My biggest derailment comes in the form of not leaving myself enough time—or enough energy—to cook dinner. It’s not uncommon for me to get hyperfocused at work and find myself making a decision to stay in the office a little longer. When I am finally ready to leave work and start dinner, I often find myself staring into the fridge and realizing that there is nothing quick and easy to prepare. On these occasions, I’ll announce with guilt, “We have to have take out tonight.”
Adults with ADHD are more likely to be overweight. There are a number of reasons for this, but time management is a big one. A lot of us don’t realize that healthy eating habits require good time management. Think about it. In order to prepare a healthy dinner:
- You have to make sure there’s healthy food in the house, which requires shopping in advance.
- You have t0 make sure that the food is defrosted in time to cook it. (Or that it’s not already spoiled. Ha ha.)
- You have to leave yourself enough time to cook the meal.
One way to tackle this problem is to make use of your freezer. When you have time to make a healthy meal, make a lot of it. And I mean, a lot. Double or even triple the amount that you usually make for a meal, and then freeze the leftovers either in individual or family-sized portions.When you don’t have time to cook, you can simply reheat. And precooked meals can be defrosted in the microwave and then cooked, or even just cooked in the oven or on the stove top as-is.
Chili, soups, and stews are great one-pot meals that freeze easily. Lasagna and some other pasta dishes freeze well, too. And did you know that you can also freeze cooked meats? (I wouldn’t freeze cooked meat on the bone, but a steak or a roast will freeze nicely!) Or that you can pre-cut vegetables and freeze them for easy cooking later? Some people will tell you that you need to blanch vegetables before freezing them but, trust me, you don’t. Just use them up withing a month or two.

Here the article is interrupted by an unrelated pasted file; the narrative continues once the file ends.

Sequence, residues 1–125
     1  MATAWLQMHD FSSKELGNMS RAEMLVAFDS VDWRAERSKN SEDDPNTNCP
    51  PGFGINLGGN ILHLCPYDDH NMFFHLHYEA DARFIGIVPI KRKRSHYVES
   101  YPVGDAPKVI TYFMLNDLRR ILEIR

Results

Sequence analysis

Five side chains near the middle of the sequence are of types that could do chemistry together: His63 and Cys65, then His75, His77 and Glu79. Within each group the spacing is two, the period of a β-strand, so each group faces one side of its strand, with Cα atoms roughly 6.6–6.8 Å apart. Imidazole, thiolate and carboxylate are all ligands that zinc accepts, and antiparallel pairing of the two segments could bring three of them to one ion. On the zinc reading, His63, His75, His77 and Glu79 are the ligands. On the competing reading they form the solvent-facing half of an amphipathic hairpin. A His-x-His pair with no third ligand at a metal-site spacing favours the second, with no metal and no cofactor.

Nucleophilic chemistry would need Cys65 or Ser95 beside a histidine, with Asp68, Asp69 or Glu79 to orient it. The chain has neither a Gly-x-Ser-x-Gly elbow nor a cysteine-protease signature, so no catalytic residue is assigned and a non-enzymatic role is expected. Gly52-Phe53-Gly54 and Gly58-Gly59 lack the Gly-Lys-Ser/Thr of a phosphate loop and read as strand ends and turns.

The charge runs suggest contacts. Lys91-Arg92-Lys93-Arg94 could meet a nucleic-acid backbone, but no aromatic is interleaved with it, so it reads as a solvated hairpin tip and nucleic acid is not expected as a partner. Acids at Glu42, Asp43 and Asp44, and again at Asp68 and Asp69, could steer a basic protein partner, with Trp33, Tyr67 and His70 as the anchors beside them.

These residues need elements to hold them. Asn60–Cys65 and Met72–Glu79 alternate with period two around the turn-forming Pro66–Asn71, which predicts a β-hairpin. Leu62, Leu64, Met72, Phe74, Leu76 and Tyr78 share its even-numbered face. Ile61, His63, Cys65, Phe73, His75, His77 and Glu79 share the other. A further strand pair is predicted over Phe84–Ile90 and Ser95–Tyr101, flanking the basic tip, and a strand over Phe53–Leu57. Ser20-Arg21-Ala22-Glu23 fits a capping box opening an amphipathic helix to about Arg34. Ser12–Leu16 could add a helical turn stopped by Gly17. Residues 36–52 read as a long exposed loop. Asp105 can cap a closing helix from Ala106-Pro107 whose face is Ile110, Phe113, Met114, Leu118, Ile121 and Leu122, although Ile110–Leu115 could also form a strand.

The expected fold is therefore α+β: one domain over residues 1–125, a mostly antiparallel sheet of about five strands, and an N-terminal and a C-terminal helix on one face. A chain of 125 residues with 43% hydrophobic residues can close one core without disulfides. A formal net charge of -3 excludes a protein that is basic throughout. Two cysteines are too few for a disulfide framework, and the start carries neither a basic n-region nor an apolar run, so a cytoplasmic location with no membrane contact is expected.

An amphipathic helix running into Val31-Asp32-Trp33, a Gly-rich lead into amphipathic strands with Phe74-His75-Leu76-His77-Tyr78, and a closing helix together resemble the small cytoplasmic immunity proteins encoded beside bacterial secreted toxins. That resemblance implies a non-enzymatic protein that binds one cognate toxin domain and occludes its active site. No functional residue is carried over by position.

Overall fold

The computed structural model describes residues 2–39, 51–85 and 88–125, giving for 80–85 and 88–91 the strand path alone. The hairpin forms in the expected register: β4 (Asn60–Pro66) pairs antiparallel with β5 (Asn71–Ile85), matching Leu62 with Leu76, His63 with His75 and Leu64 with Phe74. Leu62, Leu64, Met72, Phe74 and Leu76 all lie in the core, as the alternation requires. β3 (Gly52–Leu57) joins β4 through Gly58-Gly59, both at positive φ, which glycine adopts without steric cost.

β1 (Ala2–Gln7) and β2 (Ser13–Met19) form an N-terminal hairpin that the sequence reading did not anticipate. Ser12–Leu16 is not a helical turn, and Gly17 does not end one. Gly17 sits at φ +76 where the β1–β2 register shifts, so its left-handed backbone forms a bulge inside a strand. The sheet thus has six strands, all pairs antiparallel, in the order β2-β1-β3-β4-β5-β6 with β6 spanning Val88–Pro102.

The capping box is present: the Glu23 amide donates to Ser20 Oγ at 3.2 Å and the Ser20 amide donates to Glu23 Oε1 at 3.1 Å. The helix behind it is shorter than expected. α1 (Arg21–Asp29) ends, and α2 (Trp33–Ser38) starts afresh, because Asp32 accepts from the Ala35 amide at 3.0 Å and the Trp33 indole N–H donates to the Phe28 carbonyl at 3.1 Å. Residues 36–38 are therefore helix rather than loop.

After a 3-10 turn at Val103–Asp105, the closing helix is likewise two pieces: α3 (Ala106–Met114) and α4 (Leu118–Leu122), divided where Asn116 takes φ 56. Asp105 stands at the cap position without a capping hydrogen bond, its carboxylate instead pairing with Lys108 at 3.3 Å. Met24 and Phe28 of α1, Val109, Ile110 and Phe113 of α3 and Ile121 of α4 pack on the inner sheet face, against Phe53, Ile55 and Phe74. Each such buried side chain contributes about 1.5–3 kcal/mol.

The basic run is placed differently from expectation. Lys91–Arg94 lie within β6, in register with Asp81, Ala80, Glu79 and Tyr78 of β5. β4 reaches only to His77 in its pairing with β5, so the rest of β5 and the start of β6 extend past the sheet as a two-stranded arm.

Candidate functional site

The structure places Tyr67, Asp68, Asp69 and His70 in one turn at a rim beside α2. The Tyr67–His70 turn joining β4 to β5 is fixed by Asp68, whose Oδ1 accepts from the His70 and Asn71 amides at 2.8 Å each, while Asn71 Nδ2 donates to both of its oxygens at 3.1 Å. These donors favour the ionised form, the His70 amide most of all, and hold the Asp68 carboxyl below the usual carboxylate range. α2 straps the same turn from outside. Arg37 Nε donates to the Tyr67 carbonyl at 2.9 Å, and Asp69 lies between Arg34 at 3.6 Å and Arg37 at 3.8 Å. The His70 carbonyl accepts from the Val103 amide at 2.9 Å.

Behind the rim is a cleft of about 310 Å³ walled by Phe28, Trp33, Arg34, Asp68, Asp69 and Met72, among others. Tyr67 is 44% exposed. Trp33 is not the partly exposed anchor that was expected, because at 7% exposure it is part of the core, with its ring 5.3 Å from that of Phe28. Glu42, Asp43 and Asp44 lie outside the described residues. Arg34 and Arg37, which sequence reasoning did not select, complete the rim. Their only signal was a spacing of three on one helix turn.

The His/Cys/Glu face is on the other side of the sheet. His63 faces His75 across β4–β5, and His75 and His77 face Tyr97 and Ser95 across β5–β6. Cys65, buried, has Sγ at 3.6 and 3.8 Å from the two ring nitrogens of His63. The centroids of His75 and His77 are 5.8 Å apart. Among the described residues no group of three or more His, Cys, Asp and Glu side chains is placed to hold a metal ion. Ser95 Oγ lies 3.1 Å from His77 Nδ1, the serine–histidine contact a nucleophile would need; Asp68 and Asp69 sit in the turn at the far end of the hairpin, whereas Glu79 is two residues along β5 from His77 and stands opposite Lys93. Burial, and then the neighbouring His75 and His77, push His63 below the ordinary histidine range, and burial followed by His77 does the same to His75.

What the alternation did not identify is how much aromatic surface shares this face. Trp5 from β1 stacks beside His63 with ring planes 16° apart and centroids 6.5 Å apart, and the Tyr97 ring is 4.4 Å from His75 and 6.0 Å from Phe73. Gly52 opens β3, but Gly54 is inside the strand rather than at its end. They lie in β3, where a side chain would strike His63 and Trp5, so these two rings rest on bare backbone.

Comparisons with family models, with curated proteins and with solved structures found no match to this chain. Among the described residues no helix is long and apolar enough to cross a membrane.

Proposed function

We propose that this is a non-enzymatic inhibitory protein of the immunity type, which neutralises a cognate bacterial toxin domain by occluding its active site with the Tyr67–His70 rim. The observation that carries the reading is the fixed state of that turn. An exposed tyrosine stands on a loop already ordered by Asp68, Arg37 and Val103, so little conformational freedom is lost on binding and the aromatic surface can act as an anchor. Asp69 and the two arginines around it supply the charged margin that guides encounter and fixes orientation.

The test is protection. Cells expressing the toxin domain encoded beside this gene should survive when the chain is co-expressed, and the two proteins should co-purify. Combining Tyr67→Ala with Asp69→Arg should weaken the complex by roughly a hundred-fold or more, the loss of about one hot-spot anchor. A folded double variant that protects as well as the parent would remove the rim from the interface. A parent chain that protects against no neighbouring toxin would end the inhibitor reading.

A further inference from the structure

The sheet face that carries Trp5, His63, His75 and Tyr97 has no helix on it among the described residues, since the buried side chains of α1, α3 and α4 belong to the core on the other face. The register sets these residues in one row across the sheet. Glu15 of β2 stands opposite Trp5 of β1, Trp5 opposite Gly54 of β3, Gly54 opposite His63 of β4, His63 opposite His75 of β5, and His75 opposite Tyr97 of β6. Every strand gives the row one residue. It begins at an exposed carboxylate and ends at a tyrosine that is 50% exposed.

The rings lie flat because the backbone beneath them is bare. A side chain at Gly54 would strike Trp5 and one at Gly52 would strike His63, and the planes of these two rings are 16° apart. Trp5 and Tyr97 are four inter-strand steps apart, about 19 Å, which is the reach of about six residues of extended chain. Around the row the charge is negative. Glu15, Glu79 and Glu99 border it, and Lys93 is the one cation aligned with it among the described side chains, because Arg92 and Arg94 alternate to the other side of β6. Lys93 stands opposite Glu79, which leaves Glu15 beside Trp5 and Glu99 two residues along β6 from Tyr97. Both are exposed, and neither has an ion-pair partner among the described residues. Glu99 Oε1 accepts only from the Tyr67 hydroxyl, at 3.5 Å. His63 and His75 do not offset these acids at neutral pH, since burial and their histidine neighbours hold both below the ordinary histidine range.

Here are a few additional tips for making this trick work:
- Be sure to clearly label all your frozen food, and include the date.
- When you add a new container to the freezer, add it to the back and push the existing stuff forward, just like they do in the grocery store. Your frozen foods can go bad, so you don’t want anything sitting in the back of the freezer for too long.
- Make healthy meals that you and your family actually enjoy. A healthy meal can be anything that’s well balanced; it need not be steamed fish and vegetables in order to be healthy.
- Make it a priority to “feed the freezer.” This trick will only work if you invest some time and energy up front.
What tricks do you use to make healthy meals for yourself and/or your family? Please share them in the comments!
P.S. If you found this post helpful, then you’ll no doubt want to join us for the ADHD & Weight Management Seminar. It’s completely online. Dr. Roberto Olivardia, ADHD Expert and Clinical Instructor at Harvard Medical School, will be teaching us How to Build Healthy Eating Habits that are ADHD-friendly. It’s going to be great. I’m very excited to attend this online seminar, myself!
But today is the last day to get the Early Bird Discount and save $50, so be sure to register now if you want to join us!